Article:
By Chuck Muth, President, Citizen Outreach
Writing for Business World, Urvi Shrivastav notes how tough it is to kick the government subsidy addiction once hooked.
India, the largest global sugar consumer and second-largest sugar producer, is sitting on a glut of sugar and payments from mills to farmers have been delayed.
“This is because, sugar mill owners have been saying, excess sugar production, along with decline in consumption, has depressed domestic sugar prices leading to accumulation of arrears.
“Since the mills are unable to garner profit, they are not able to pay fair and remunerative price to sugarcane farmers. The sugar prices are neither going up, nor are we seeing an increase in consumption.”
Market reality: Supply high, demand low, prices drop.
In order to get domestic prices up and pay farmers what they’re owed, the glut needs to go.
“An obvious solution to this issue,” Shrivastav continues, “seems to be an increase in export of sugarcane and sugar products.” Which is exactly what they did last year. However…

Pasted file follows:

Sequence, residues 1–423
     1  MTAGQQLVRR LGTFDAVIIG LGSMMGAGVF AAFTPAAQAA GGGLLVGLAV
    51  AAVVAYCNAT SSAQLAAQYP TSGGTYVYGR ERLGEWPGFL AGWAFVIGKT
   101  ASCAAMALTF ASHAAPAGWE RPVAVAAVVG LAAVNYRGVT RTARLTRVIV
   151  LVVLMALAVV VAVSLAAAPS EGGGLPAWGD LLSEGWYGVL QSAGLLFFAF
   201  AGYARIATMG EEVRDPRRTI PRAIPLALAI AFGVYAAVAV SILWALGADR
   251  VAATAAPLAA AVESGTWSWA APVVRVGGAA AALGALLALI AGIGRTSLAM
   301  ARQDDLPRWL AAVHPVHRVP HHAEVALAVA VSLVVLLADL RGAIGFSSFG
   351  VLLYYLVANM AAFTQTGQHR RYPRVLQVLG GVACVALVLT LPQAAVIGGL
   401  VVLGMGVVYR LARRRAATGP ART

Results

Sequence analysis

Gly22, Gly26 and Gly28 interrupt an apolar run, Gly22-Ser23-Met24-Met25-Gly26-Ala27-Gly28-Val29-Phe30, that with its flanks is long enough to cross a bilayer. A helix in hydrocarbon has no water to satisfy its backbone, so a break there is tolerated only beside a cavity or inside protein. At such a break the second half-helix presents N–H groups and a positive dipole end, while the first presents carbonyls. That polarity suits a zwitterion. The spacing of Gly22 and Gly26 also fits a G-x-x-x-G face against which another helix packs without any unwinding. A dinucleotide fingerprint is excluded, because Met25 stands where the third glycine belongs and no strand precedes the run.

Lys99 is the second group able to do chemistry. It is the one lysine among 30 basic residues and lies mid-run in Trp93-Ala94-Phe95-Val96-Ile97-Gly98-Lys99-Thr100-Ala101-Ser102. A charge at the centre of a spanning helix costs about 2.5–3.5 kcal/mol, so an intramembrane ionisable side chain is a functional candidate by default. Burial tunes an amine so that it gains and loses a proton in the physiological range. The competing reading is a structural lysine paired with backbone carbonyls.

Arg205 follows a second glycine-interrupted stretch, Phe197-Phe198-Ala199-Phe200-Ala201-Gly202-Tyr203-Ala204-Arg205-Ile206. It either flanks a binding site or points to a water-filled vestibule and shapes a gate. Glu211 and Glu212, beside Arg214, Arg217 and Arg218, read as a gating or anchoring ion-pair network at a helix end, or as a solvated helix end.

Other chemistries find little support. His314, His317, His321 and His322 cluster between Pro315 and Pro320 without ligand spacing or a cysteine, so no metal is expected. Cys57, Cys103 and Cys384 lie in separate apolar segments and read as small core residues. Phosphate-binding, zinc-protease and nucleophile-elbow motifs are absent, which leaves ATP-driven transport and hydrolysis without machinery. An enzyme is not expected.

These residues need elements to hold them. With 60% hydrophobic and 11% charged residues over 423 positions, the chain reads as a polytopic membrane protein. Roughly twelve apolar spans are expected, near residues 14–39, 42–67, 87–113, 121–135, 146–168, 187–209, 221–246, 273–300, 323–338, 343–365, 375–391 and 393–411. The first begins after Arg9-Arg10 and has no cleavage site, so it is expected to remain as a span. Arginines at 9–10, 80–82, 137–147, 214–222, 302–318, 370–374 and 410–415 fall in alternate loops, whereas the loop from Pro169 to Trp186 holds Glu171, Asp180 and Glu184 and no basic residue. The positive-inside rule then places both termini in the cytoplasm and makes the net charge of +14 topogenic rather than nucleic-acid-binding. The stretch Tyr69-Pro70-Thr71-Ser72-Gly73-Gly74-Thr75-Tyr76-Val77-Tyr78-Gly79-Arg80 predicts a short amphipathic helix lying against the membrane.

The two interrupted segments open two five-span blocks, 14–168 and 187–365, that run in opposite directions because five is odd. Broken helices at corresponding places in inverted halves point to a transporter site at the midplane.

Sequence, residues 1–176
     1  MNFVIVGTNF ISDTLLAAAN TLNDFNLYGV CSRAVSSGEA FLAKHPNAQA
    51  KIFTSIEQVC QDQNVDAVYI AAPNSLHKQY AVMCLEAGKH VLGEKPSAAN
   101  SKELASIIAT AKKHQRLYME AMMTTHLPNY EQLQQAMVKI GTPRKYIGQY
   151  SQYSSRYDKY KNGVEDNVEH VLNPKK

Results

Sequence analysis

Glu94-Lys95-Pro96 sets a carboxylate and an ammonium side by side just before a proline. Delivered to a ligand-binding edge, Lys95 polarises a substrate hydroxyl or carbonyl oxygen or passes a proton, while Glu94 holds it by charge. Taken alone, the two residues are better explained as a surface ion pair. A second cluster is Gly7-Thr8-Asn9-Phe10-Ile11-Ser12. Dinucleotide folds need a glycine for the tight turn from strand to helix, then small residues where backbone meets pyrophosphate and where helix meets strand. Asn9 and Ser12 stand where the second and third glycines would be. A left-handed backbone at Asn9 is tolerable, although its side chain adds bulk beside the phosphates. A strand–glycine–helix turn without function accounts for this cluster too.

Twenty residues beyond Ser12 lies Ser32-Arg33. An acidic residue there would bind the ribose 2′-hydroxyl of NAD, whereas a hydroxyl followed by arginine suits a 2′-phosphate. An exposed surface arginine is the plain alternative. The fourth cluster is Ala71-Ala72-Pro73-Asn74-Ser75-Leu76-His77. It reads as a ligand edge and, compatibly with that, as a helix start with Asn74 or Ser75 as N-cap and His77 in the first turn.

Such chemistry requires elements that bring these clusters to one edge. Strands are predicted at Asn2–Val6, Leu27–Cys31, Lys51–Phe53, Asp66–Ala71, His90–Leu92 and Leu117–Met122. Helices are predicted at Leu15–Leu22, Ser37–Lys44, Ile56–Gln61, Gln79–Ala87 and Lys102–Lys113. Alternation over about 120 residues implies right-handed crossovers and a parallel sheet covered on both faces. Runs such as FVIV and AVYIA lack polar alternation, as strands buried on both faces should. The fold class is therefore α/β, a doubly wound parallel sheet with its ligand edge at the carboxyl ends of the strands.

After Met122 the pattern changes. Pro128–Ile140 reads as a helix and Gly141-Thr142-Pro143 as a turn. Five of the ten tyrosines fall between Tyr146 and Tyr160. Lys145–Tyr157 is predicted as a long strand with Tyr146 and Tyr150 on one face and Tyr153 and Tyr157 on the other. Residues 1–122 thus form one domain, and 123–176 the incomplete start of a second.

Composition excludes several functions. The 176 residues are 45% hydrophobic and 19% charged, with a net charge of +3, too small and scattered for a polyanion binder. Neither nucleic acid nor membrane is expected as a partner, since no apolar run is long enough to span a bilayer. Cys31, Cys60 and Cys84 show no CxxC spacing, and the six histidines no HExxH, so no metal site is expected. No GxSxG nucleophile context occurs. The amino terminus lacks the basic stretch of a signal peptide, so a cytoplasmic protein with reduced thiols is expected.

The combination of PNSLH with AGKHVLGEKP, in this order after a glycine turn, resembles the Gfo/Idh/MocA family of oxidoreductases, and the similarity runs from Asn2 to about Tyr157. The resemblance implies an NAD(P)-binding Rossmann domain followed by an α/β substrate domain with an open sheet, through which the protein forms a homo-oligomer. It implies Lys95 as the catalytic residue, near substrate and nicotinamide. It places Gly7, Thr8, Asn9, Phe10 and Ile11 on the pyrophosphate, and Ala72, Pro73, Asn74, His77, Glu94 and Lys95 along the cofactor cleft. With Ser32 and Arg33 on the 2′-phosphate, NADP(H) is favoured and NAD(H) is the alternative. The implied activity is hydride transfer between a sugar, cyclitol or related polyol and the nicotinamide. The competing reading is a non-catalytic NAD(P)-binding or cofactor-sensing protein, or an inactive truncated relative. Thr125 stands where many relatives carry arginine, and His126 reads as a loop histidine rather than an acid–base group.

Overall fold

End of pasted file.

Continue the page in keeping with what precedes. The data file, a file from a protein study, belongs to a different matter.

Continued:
“The high export numbers last season were possible only due to the subsidy programme offered by the government.”
And instead of farmers producing less sugar to prevent another glut, the export subsidies have resulted in “sugar production rising in the country.”
Indeed, as Isaac Newton taught us, for every action, there is an equal and opposite reaction. And the reaction this year by the Indian government was to “drastically reduce” the export subsidies, much to the dismay of the Indian Sugar Mills Association.
“The mills are now reluctant to export,” Shrivastav reports, “because of the huge gap between cost of manufacturing and the current price of raw sugar in international markets.”
This is what happens the government starts interfering with the free market. And addictions to government subsidies are hard to break.
Which is why the new Biden administration should continue supporting the U.S. sugar policy of protecting American sugar producers – who get no government subsidies for production or export – from international competitors who do.